After interviewing romance comic historian Jacque Nodell, I got the chance to sit down with Jacque and artist, Megan Levens, who drew Ares & Aphrodite, a contemporary romance comic written by Jamie S. Rich that is now available in trade.

Megan has also drawn Madame Frankenstein (also written by Jamie S. Rich) and for the Buffy the Vampire Slayer comic. Excited about a new romance comic (review to come), I wanted to talk to Megan and Jacque about Ares & Aphrodite and the recent rebirth of romance comics.

Megan, tell me a little bit about Ares & Aphrodite and the premise of the comic.

Ares & Aphrodite is a classic romantic comedy, set against the backdrop of modern-day Hollywood. Divorce lawyer Will Ares and wedding planner Gigi Averelle meet through the impending wedding of a well known film producer and a young starlet. As they try to get their clients down the aisle, amidst tabloid scandals and drama, Will and Gigi themselves end up falling in love.

Ares & Aphrodite, Oni, Rich & Levens, 2015Megan, how did the idea for Ares & Aphrodite come to be?

The initial concept was handed to Jamie S. Rich as a one-line pitch from James Lucas Jones…”A divorce lawyer and a wedding planner meet and fall in love.” Jamie is a fantastic romance writer, so he was able very quickly to come up with two leads for the story who didn’t fall into clichés. Even with Will as the hopeless romantic of the two, and Gigi as the pragmatic realist, he handed me a female lead who wasn’t just another flat, career-driven ice princess who just needed to meet the right guy to solve all her problems. We had just finished working on our first collaboration, the 8-page anthology story “Two Wheels, Two Feet” (which is included in the print version of Ares & Aphrodite as a bonus), and when he approached me with Will and Gigi, I jumped at the chance to draw their story.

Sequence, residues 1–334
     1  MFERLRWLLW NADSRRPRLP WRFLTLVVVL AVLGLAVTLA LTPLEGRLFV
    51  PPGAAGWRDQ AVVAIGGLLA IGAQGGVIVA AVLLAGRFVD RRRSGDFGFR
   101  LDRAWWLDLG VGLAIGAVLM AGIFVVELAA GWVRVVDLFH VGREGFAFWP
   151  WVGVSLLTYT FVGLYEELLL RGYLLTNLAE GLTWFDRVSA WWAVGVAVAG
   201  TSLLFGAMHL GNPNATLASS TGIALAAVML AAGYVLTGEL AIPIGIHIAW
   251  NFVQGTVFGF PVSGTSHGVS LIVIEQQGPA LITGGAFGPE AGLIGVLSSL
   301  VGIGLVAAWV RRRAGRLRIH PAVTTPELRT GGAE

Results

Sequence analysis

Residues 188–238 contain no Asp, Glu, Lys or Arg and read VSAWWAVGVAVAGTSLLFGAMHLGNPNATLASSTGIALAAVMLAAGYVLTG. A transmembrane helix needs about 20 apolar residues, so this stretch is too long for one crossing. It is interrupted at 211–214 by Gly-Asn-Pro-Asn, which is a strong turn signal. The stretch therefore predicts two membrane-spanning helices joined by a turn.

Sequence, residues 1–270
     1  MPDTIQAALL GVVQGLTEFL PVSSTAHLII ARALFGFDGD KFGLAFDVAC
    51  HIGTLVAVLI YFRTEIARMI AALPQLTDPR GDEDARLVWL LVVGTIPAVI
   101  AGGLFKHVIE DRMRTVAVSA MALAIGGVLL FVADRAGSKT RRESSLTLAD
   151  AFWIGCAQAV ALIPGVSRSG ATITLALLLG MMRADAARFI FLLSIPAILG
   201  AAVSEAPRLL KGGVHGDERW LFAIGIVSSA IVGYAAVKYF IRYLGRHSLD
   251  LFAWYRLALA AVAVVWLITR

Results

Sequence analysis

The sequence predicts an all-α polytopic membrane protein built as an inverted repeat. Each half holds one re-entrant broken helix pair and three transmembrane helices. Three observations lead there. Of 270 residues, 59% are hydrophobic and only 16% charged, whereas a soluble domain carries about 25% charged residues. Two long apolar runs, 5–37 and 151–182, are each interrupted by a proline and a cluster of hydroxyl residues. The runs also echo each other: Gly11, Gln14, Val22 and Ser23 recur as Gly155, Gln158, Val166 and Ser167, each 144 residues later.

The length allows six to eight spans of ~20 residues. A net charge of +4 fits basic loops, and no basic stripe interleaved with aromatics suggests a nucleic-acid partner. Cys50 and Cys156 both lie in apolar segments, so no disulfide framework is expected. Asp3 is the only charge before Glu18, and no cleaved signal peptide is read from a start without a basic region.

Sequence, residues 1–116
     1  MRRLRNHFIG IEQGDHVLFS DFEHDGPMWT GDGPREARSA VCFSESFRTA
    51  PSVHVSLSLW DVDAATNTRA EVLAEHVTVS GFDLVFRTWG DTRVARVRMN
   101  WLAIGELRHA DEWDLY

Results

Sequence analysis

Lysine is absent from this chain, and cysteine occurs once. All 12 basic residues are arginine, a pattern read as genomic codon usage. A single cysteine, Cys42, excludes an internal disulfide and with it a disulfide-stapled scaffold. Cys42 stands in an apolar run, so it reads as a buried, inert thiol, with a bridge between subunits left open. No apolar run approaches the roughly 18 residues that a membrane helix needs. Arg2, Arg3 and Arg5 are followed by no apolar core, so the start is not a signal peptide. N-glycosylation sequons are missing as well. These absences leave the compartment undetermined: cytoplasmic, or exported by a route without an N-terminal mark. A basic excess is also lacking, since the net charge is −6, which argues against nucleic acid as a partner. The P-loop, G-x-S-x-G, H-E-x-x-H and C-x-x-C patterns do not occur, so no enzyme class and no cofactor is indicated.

I know Jacque’s love for romance comics, but Megan will you tell me a bit about your own experience with romance comics?

I never had a great deal of exposure to the classic romance comics, but one of the first non-superhero comic series I read faithfully was Rumiko Takahashi’s manga Ranma 1/2, which had some fantastic elements to it, but it was definitely a romantic comedy (with emphasis on the comedy). When I got into college, I discovered what I suppose people were calling “slice of life” comics, like Adrian Tomine’s work, Strangers in Paradise by Terry Moore, and particularly Blankets by Craig Thompson. To me these indie comics were very clearly romances, they were just stripped down and very raw and relatable, and I ate it up. It’s kind of funny that my first published comics work has been in horror, because I always imagined myself as a romance artist, and even my Twitter handle “SadMeganGirls” is a reference to the fact that I used to pretty much just draw sad young women in various states of love and heartbreak.

 Why is it appealing to you to draw “sad young women in various stages of love and heartbreak.” What about that appeals to you as an artist?

Draw what you know, I guess? I kid. I’ve always placed a lot of focus on my characters’ expressions and their acting, and romance is actually a lot harder to pull off in comic art than say, anger or fear. I suppose I enjoy the challenge of trying to render a more subtle range of emotions. It’s tricky to make a drawing look as though it’s gazing lovingly at another drawing, or look as though they’re crushed but trying to hide it.